77. Physical Mapping
    records actual distance (base pairs) between different DNA sequences
  78. Discovery Human Disease Genes:
    Functional-candidate gene cloning
    starts w/ either a known protein that is responsible for an inherited disorder or a protein that is considered a likely candidate based on the symptoms and biochem of the disease
  79. Discovery Human Disease Genes:
    Positional-candidate gene cloning
    when nothing is known about gene product; disease gene mapped to a chromosome location with polymorphic markers; a likely candidate is selected and a mutation detection assay is run with PCR probes based on gene sequence derived from the database
  80. Computer and Gene Discovery: Bioinformatics
    use of computers for storage an analysis of molecular data
  81. Computer and Gene Discovery : Genomics
    study of all features of genomes and individual genes at the level of DNA sequence: mutations polymorphisms, phylogenetic relationships
  82. Functional Genomics
    concerned with patterns of transcription (gene expression) as function of clinical conditions, in response to natural or toxic agents, or at different times during biological processes such as cell cycle
  83. SNP
    (Singe Nucleotide Polymorphism)
    • - single base pair difference at a specific location of the genome
    • -very useful as genetic markers
  84. SNP - recombination
    • - linkage studies for mendelian diseases based on idea that recombination is random
    • - this is true at the macroscopic level but zooming in on genome shows recombination hotspots that are more prone to crossover than the surrounding sequence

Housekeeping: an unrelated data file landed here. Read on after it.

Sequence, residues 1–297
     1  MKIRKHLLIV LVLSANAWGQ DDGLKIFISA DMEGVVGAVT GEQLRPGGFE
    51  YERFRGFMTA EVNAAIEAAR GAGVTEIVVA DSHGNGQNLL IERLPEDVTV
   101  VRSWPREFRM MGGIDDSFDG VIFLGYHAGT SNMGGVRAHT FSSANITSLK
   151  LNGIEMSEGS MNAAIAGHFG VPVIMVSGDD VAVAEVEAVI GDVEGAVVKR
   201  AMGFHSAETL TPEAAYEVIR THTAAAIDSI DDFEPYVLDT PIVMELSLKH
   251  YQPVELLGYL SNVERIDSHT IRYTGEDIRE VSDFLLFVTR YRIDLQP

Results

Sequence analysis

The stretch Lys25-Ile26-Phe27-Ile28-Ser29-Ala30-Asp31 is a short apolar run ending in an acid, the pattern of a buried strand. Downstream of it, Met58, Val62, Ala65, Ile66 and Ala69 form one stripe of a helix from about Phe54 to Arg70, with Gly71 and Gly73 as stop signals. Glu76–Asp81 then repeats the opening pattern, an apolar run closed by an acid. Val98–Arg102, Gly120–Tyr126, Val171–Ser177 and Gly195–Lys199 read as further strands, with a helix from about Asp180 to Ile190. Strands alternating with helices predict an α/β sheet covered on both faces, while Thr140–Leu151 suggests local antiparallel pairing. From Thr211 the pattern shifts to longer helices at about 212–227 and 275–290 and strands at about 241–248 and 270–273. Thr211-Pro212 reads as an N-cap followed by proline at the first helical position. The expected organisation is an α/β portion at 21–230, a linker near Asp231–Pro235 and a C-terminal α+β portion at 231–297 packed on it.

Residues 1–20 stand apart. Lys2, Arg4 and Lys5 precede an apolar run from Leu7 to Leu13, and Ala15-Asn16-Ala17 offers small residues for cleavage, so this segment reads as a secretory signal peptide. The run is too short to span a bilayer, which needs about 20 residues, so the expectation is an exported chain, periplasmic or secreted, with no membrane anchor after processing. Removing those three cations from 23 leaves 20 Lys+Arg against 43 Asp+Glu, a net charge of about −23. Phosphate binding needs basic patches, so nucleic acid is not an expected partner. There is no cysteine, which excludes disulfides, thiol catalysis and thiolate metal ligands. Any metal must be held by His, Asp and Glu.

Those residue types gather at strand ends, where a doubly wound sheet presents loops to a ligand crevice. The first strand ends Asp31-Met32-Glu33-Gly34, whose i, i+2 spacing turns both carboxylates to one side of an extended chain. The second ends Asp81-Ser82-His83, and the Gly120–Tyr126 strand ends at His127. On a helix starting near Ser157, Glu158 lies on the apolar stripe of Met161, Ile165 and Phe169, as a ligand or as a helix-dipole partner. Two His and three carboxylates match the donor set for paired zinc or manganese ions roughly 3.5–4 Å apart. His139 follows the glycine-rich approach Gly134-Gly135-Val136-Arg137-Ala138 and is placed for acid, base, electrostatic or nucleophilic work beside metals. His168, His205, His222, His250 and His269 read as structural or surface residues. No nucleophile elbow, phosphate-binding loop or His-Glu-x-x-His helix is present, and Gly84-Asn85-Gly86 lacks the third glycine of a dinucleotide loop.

85. Linkage Disequilibrium
    • - genomecontains recombination hotspots: this creates groups of variants that have an ancestral origin = Haplotype blocks
    • - variants seen together on the same haplotype block are said to be in linkage disequilibrium
    • - linkage diseq.= non-random association of 2 alleles; seen on the same chromosome more frequently than you would expect
    • - Haplotype Block = combination of variants which are transmitted together
    • - Recombination is not completely random; there are hot spots where recombination is more prone to occur
  86. Common disease-common variant hypothesis:
    - common heritable diseases (diabetes, cardiovascular, some cancers) are caused by many common alleles all with weak effects but act together to contribute to the phenotype
  87. Genome Wide Association Studies (GWAS)
    • - test each variant for an association to the disease
    • - bioinformatics needed to manipulate and handle big data
    • - 24 alleles showed strong association w/ one of the 7 diseases
  88. Wellcome Trust Case Control Consortium (WTCCC)
    • - 2 control groups – 3000 people total
    • - 7 primary diseases – 2000 people for each
  89. Hereditary Persistence of Fetal Hemoglobin (HPFH)